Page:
“My father cared about so many important issues,” Kabat-Zinn said in a telephone interview Wednesday. “I think the one he was really most eloquent about is that he thought there was no such thing as a just war.”
Indeed, in a 2001 opinion piece published in The Times, Zinn wrote about being horrified by the Sept. 11 terrorist attacks and equally horrified by the response of U.S. political leaders, who called for retaliation.
“They have learned nothing, absolutely nothing, from the history of the 20th century, from a hundred years of retaliation, vengeance, war, a hundred years of terrorism and counter-terrorism, of violence met with violence in an unending cycle of stupidity,” he wrote.
“A People’s History” was published in 1980 and had an initial printing of 5,000 copies. But largely through word of mouth, the book attracted a major following and reached 1 million sales in 2003.
The work, which hails ordinary Americans such as farmers and union activists as heroes, accused Christopher Columbus of genocide and criticized early U.S. leaders as proponents of the status quo. “A People’s History” has been taught in high schools and colleges across the nation.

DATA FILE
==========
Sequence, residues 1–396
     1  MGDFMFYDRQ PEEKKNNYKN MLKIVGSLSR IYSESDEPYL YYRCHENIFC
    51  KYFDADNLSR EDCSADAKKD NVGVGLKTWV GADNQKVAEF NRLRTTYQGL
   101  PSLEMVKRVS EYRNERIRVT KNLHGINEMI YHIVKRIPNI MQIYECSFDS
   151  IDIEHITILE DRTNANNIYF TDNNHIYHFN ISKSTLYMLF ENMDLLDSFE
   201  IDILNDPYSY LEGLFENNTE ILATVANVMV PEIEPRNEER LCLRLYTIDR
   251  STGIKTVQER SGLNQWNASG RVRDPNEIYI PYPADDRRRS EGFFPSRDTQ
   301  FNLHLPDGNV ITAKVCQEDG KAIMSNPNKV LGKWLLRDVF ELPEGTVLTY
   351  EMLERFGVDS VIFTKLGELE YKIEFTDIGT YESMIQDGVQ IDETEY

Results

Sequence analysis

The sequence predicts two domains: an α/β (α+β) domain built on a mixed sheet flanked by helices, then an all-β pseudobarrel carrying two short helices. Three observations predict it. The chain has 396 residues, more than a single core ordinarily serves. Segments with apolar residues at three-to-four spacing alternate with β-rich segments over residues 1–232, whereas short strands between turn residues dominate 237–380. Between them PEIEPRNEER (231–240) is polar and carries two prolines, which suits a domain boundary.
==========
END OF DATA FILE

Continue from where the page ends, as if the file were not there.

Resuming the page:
The book was the basis for a History Channel documentary called “The People Speak” that aired in the fall.
The executive producer was actor Matt Damon, who was raised in Boston near Zinn.
“From the moment we had any influence in this town, we’ve been trying to get this project off the ground,” Damon told reporters in July. “It demonstrates how everyday citizens have changed the course of history.”
Zinn was born in 1922 to a working-class family in Brooklyn, N.Y. He was one of four sons whose father worked as a waiter, window cleaner and pushcart peddler.
In his 1994 memoir, “You Can’t Be Neutral on a Moving Train,” Zinn recalled that his parents used discount coupons to buy the complete works of Charles Dickens. The novelist “aroused in me tumultuous emotions” about wealth, class and poverty, Zinn wrote.